Dan Harmon and Justin Roiland's dimension-hopping duo turned "meta" on its head and created new walls of perception just so they could break them with Rick and Morty "Never Ricking Morty". Directed by Erica Hayes and written by Jeff Loveness (you can check out our review at the link below), the episode was a creative primal scream from the series creator's souls, a need for the creative forces behind the scenes to make sure we understand just how hard this thing we call Rick and Morty is and can be, and how it might be driving them mad. Now, Harmon and Loveness offer viewers a look at the literal literary devices dissected during the return outing as well as the mysteries surrounding the phrase "***-gutters"
Created by illustrator Alison Bechdel in the mid-80s, The "Bechdel Test" is a way to judge a work to see if it portrays women in a sexist way or engages in gender stereotyping. To pass the standard, a work must feature at least two women, these women must talk to each other, and their conversation must concern something other than a man. Our dimension-hopping duo opts to take the test to save themselves from certain death. But as you're about to see, Morty doesn't have a clue what women actually talk about (hint: 99.98% of the time, it has nothing to do with "lady scorpions"):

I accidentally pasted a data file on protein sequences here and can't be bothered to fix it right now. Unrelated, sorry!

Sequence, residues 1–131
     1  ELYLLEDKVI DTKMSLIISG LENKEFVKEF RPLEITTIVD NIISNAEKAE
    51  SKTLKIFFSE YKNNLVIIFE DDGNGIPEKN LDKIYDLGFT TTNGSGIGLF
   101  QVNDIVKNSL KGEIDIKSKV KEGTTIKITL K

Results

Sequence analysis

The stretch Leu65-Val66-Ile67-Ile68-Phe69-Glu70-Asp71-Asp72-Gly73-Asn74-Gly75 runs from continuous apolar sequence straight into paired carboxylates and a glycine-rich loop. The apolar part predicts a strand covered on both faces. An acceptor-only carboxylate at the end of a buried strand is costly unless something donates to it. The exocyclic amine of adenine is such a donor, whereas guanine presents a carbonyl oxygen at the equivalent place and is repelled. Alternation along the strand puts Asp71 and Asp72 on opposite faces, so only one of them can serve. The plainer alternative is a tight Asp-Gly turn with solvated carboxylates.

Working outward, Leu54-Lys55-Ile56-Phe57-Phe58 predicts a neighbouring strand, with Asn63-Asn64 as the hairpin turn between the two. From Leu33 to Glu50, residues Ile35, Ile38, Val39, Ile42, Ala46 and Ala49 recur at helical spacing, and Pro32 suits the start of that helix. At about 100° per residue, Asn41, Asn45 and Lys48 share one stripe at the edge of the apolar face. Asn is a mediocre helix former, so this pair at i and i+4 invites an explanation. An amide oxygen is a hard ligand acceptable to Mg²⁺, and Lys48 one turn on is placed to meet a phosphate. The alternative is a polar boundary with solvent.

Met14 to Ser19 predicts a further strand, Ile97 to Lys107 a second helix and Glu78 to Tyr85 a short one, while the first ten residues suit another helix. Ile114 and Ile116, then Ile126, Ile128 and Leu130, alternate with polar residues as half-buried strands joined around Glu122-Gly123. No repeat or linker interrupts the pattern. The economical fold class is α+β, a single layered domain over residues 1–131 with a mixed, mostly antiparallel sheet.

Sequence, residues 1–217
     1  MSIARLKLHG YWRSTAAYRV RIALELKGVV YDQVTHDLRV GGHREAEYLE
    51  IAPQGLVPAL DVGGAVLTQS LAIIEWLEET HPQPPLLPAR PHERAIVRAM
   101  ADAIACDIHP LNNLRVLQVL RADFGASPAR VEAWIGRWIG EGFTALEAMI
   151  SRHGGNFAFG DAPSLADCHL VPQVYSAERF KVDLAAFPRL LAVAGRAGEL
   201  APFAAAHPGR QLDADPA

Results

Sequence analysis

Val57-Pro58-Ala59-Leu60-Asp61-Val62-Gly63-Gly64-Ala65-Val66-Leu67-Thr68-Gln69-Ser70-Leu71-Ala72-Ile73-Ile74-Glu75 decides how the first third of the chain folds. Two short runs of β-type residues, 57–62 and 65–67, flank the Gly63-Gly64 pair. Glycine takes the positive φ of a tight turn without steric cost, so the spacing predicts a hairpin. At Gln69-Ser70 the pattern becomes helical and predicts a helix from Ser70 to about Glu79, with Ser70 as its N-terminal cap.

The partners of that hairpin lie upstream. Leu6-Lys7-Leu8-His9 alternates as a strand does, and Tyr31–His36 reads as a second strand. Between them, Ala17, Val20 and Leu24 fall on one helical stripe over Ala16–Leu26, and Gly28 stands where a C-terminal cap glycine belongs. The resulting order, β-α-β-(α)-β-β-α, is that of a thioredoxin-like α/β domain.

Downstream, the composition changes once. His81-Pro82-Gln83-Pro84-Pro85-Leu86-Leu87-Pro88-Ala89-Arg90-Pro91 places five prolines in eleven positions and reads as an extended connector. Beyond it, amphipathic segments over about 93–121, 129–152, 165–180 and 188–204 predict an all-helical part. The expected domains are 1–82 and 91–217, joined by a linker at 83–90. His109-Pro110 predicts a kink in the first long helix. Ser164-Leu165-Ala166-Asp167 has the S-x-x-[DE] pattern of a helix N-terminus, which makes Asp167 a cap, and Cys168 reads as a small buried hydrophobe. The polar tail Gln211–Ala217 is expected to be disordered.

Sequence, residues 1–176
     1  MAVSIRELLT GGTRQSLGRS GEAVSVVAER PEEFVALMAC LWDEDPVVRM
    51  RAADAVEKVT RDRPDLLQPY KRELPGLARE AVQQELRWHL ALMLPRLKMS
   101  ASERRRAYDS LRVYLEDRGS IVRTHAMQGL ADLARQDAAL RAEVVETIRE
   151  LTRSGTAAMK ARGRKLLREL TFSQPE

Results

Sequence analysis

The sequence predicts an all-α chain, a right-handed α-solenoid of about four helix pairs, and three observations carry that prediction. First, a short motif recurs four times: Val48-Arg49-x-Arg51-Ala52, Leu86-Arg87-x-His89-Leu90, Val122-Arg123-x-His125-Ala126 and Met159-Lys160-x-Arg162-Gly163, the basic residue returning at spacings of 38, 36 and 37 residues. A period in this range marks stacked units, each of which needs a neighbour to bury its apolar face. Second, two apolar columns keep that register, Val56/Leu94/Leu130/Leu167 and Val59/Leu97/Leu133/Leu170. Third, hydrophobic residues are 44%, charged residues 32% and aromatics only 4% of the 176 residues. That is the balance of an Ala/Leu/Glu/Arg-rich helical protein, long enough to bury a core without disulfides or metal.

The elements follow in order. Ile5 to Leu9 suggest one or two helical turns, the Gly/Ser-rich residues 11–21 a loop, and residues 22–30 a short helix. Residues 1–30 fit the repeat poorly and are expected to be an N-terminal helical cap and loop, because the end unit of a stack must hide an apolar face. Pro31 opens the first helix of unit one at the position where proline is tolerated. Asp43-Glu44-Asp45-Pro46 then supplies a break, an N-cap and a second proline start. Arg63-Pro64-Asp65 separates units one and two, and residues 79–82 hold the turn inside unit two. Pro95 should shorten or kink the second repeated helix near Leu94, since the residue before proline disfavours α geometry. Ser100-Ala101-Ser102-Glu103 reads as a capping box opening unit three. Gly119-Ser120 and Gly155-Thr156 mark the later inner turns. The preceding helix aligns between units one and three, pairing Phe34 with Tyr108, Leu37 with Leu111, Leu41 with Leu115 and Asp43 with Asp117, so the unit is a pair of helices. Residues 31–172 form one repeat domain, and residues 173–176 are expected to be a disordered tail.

Harmon, Roiland, and Adult Swim released an episode titles announcement video that gave a nice "wink-and-a-nod" to The Terminator before revealing the following loaded episode names (with loglines included). Beginning with return episode "Never Ricking Morty," we have "Promortyus" (Get off my face, broth), "The Vat of Acid Episode" (The one with the acid vat, broth), "Childrick of Mort" (Miracle of life, broth. Whole family in this one, broh.), and "Star Mort Rickturn of the Jerri" (Parenting is crazy, broh. Stuff straight disappearin in this one).